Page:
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Old 02-27-2004, 09:34 PM   #14
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Blondie..you still need to address the problem with the breeder...money back or not let them know that they sold you a sick pup...thats what over breeding does...thats natures way of saying ENOUGH!!! good luck with biggie or should i say "The Notorious B.I.G"? Hey the REAL BIGGIE woulda handled his bizzness wit da breeder...lol (shells flying everywhere) lol
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Old 02-27-2004, 10:20 PM   #15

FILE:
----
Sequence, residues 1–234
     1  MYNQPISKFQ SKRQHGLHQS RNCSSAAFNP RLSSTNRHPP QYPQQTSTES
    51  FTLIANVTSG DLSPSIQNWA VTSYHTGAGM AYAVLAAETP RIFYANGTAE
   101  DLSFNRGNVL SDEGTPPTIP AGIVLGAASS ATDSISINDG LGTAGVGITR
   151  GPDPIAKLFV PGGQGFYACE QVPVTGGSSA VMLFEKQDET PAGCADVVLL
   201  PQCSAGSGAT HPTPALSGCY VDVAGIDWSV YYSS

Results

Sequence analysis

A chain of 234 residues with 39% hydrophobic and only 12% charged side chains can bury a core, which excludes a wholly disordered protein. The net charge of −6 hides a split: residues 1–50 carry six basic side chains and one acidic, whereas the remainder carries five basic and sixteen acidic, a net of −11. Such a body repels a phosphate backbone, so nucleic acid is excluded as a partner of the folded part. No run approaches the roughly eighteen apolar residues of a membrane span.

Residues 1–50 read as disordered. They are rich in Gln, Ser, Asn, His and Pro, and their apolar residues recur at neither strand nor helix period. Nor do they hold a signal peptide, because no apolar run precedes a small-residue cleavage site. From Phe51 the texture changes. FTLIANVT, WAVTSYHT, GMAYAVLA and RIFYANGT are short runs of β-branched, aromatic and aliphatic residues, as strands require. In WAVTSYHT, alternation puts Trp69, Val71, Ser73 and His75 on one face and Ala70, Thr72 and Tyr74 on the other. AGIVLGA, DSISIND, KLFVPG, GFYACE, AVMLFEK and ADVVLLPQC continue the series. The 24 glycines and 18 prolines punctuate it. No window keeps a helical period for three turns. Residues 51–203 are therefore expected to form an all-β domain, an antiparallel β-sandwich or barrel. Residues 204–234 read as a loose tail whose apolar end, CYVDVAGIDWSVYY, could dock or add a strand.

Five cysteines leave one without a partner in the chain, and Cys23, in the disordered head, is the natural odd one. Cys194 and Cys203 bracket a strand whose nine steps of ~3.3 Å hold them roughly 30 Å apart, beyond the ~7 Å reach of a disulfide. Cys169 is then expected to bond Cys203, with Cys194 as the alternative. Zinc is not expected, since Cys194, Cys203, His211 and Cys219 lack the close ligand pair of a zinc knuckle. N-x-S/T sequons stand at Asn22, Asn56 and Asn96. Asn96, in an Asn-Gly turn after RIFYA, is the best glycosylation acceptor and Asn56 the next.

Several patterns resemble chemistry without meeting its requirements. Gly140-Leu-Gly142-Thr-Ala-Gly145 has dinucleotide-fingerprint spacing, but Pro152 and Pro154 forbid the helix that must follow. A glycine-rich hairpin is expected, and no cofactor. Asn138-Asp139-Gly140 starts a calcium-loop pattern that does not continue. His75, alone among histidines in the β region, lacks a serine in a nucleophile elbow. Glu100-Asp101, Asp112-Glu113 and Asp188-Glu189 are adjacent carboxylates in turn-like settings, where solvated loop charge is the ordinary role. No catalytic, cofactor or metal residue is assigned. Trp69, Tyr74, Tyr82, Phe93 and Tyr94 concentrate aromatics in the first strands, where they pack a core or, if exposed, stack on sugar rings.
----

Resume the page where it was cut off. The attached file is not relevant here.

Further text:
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Im not so sure about the weight thing..it depends on diet , exercise, and climate i suppose...I think mostly its hereditary ..i look at my pups dad...he is smaller and more compact...his mom is a whopper!...6.5 pounds...look at both parents and you will have a pretty good idea...(even though "tea cups" pop up now and then from normal parents) Jack SR is right under 5 pounds...JJ (jack Jr is 3.5 pounds now) Lex (the mom ) is 6.5 (needs to lose the baby pounds..lol)